In 1998, the University of Naples studied an elderly population and found that those who lived the longest and were the healthiest ate more fruits and vegetables than those who died before their time. Therefore, it comes as no surprise that the USDA food pyramid advocates eating five to nine servings of fruits and vegetables per day for optimum health.
Food science has recently come to realize that there is much more to micronutrient nutrition than just vitamins and minerals. There may be well over 1,000 phytochemicals that have metabolic activity in humans. They include alkaloids; carotenoids; coumarins; flavonoids; isothiocyanates; polyphenols; and polysaccharides, just to name a few! Some serve as antioxidants fighting free radicals; some assist the liver in detoxification; and others modulate the immune system and hormone metabolism.
Further study has shown that the fruits and vegetables that come in rich, vibrant colors (like tomatoes; carrots; spinach; broccoli; blueberries; and raspberries) are much more potent and beneficial than the pastel-colored produce (like iceberg lettuce; bananas; celery; corn; and potatoes). Also, certain foods may contain greater quantities of antioxidants, fibers, probiotics and specific medicinal substances, the latter being especially true of many edible herbs and spices.
The Super Foods and the Standard American Diet (SAD)
As we have become more aware of the broad spectrum of health, antiaging, and disease-prevention of foods high in these micronutrients, a new name for them has arisen: "super foods."
The "SAD" fact remains that in spite of all the support from mainstream medical organizations (American Heart Association; American Diabetes Association), governmental health organizations (National Institutes of Health, National Institute on Aging, and the USDA), and officials (like the U.S. Surgeon General), few people eat the recommended minimum of two fruits and three vegetables daily. Even counting the "pale" foods like French fries, bananas and iceberg lettuce, few achieve the daily minimum. Very few enjoy the optimal nine servings daily. And of those who do, even fewer have a diet emphasizing fresh and organic phytochemical fruits and vegetables of deep, bright color!
The reasons for the SAD are deeply ingrained in our culture and lifestyle. We can no longer attribute it to ignorance. What is obviously needed is a "fast-food health food" that delivers much of the proven benefits of a diet rich in super foods but, like any other "fast" food, is extremely convenient, enjoyable, and economical.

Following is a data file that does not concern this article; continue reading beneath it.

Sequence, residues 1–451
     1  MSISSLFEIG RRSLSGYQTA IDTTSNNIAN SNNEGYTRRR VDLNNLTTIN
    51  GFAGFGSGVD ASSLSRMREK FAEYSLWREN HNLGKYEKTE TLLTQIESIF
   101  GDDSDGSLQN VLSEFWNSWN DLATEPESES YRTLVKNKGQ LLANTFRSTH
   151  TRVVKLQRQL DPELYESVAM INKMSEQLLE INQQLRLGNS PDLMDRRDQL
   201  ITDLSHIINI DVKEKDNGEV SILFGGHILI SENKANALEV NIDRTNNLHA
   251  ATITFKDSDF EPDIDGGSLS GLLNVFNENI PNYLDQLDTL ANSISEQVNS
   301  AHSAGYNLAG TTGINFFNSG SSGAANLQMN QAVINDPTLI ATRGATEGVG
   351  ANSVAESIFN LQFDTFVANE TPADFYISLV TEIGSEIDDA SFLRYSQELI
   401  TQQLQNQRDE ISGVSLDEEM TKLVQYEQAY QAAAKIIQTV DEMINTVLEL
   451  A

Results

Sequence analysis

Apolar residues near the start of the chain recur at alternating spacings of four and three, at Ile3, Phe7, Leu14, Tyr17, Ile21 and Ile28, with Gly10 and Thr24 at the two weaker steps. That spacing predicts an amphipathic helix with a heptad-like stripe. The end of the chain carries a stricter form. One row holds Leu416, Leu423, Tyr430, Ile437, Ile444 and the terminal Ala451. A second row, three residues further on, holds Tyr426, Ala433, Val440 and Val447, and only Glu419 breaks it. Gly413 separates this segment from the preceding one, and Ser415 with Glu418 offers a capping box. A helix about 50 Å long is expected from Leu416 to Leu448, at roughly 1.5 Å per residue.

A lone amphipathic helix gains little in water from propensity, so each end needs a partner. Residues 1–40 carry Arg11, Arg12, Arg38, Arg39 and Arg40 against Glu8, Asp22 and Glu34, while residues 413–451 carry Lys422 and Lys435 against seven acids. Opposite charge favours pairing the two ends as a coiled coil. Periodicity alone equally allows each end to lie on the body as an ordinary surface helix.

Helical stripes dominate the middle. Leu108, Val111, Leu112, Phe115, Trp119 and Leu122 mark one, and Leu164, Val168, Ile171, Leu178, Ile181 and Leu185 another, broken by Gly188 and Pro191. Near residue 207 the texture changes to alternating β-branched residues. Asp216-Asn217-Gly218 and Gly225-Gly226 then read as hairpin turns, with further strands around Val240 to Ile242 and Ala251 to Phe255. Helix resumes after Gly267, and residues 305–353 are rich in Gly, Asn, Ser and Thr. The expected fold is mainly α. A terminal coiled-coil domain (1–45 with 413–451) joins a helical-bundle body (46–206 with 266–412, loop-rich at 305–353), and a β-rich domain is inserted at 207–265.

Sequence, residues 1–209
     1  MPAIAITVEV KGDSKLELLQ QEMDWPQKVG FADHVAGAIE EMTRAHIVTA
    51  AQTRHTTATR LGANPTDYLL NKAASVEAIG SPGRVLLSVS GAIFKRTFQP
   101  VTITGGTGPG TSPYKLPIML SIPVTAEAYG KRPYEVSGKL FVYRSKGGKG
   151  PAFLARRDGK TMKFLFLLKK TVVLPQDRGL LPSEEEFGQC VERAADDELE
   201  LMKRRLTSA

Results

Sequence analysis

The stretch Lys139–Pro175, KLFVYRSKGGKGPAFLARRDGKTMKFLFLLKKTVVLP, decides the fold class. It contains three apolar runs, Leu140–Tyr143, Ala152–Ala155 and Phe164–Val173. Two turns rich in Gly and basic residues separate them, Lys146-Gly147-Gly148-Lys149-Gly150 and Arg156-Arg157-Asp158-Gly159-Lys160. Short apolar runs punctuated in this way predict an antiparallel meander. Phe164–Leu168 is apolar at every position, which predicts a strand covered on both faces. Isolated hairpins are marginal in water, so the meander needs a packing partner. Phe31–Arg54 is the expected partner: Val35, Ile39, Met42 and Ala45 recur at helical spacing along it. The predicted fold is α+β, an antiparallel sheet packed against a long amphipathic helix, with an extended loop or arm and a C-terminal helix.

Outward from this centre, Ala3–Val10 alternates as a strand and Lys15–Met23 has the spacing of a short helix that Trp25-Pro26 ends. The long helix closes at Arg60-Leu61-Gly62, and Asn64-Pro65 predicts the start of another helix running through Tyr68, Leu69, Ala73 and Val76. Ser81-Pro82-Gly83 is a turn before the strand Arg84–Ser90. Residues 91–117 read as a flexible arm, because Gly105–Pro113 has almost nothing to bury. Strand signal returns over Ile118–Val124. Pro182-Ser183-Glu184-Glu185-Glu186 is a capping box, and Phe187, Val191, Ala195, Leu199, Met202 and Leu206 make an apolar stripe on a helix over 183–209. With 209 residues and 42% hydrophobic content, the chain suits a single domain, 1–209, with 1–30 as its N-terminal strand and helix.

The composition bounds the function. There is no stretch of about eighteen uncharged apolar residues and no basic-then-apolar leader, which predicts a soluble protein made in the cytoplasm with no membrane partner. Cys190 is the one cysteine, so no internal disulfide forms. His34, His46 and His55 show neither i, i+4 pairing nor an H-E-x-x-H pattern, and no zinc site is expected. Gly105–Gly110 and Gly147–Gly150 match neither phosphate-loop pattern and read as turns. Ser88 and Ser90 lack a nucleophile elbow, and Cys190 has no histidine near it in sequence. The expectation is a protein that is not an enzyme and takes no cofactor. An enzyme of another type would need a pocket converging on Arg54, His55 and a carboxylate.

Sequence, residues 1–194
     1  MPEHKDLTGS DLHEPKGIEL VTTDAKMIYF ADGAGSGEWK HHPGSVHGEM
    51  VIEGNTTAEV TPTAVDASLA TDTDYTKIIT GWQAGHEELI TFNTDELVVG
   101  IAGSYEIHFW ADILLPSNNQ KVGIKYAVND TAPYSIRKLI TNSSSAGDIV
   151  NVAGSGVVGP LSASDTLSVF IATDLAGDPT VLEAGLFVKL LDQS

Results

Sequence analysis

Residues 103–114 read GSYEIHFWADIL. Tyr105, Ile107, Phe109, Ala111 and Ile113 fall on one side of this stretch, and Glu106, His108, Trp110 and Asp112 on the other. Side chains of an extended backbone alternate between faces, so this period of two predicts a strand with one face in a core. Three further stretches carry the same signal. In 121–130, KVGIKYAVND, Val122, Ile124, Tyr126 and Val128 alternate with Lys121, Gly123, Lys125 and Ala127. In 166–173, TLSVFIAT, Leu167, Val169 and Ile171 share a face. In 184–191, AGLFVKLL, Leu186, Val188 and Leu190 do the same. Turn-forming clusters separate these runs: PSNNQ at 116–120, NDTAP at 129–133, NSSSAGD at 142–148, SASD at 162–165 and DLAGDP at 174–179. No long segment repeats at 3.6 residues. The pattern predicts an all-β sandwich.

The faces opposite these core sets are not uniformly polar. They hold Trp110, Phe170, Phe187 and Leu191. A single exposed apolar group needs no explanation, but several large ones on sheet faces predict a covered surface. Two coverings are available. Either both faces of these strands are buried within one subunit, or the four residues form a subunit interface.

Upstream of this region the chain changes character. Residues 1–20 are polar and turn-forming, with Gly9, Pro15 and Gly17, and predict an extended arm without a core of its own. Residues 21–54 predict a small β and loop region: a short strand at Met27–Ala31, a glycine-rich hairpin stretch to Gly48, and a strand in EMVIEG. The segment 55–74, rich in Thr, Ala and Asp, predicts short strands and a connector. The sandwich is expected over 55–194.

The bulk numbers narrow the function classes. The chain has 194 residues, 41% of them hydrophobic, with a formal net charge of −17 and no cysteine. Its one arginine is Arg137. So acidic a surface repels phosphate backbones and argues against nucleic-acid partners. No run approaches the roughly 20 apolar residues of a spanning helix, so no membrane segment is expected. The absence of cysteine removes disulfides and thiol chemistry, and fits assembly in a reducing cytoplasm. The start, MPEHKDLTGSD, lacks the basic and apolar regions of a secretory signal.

This paper will briefly introduce many of the most beneficial super foods and their extracts.
The Super Greens: Spirulina, Chlorella, and Young Barley Greens
Super greens are those pigment-rich dark green plants and friendly photosynthetic algae that make up most of the very foundation of complex life on earth. They make life possible as the beginning of the food chain upon which other plants and the more complex animals all depend. As such, these contain all the essential building-block nutrients or precursors upon which all other life depends.
In the oceans and lakes, these super-foods are one-celled organisms called spirulina and chlorella. They are some of the oldest, most successful and resistant organisms, and provide most of the oxygen dissolved in water. On land, these foods are the young springtime sprouts or shoots of the seed-producing green grasses and the green herbs, an excellent example being young barley green shoots.
Spirulina is primordial, aquatic blue-green algae. It takes its energy directly from the sun and minerals in water that is highly alkaline, or commercial aqua farms where purity can be monitored. It grows so fast that spirulina accounts for up to one half of the oxygen on our planet! It contains over 100 vitamins; minerals; amino acids; enzymes; phytonutrients; high levels of easily absorbed natural cell protectors (antioxidants): chlorophyll; alpha and beta-carotene; and phycocyanin, the latter found exclusively in spirulina.
Approximately 65-70 percent of amino acid proteins are found in spirulina - for a greater level than in beefsteak. It is a natural treasure trove of organic vitamin B12, iron, chromium, selenium and essential fatty acids (GLA). It contains 50 times more blood-building iron than spinach, and 10 times more bone-building calcium than milk. Spirulina is the highest natural plant source of stamina-building vitamin B12, has more "good" fats (GLA /EFA) than evening primrose oil, and more vitamin E than raw wheat germ. It also supports and promotes the growth of friendly intestinal flora. "People have used foods like yogurt (containing probiotics) and spirulina throughout history. These foods improve immune system function and are a beneficial addition to our diet," says Judy van de Water, associate professor of rheumatology, allergy and clinical immunology at U.C. Davis.
Like all edible, dark green plants, spirulina is also highly alkalizing, meaning that it helps restore the acid-base balance; it helps neutralize the acidity caused by eating excess meats; starches; sugars; soft drinks; preserved foods; stress; excess exercise; environmental pollutants; drugs; alcohol; coffee; and tobacco. The algae is also rich in photosynthetic pigments that make it a great heavy metal detoxifier. Doctors Sklar and Schwartz of the Harvard School of Dental Medicine showed that an extract of spirulina's antioxidants prevented cancer in animals: "Spirulina increased antibody responses and the activity of natural killer cells, which destroy infected and cancerous cells in the body."1